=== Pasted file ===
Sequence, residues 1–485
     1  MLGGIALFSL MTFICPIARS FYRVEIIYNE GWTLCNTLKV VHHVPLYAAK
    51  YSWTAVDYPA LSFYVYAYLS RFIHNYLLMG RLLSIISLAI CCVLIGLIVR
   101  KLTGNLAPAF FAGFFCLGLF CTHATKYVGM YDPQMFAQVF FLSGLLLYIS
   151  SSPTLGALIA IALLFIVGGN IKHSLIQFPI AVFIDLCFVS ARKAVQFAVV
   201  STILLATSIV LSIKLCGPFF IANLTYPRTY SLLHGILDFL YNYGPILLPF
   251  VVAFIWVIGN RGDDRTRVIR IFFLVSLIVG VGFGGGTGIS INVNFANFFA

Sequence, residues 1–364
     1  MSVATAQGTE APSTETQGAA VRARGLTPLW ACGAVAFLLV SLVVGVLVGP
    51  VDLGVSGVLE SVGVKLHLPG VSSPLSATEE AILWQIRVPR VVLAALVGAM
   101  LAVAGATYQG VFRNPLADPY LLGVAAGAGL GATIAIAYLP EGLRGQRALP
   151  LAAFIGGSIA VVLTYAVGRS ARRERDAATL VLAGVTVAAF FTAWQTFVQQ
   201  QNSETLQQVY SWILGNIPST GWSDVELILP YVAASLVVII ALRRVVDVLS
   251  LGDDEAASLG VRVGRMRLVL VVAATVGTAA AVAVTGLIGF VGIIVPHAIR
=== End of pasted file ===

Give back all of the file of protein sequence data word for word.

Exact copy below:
Sequence, residues 1–485
     1  MLGGIALFSL MTFICPIARS FYRVEIIYNE GWTLCNTLKV VHHVPLYAAK
    51  YSWTAVDYPA LSFYVYAYLS RFIHNYLLMG RLLSIISLAI CCVLIGLIVR
   101  KLTGNLAPAF FAGFFCLGLF CTHATKYVGM YDPQMFAQVF FLSGLLLYIS
   151  SSPTLGALIA IALLFIVGGN IKHSLIQFPI AVFIDLCFVS ARKAVQFAVV
   201  STILLATSIV LSIKLCGPFF IANLTYPRTY SLLHGILDFL YNYGPILLPF
   251  VVAFIWVIGN RGDDRTRVIR IFFLVSLIVG VGFGGGTGIS INVNFANFFA

Sequence, residues 1–364
     1  MSVATAQGTE APSTETQGAA VRARGLTPLW ACGAVAFLLV SLVVGVLVGP
    51  VDLGVSGVLE SVGVKLHLPG VSSPLSATEE AILWQIRVPR VVLAALVGAM
   101  LAVAGATYQG VFRNPLADPY LLGVAAGAGL GATIAIAYLP EGLRGQRALP
   151  LAAFIGGSIA VVLTYAVGRS ARRERDAATL VLAGVTVAAF FTAWQTFVQQ
   201  QNSETLQQVY SWILGNIPST GWSDVELILP YVAASLVVII ALRRVVDVLS
   251  LGDDEAASLG VRVGRMRLVL VVAATVGTAA AVAVTGLIGF VGIIVPHAIR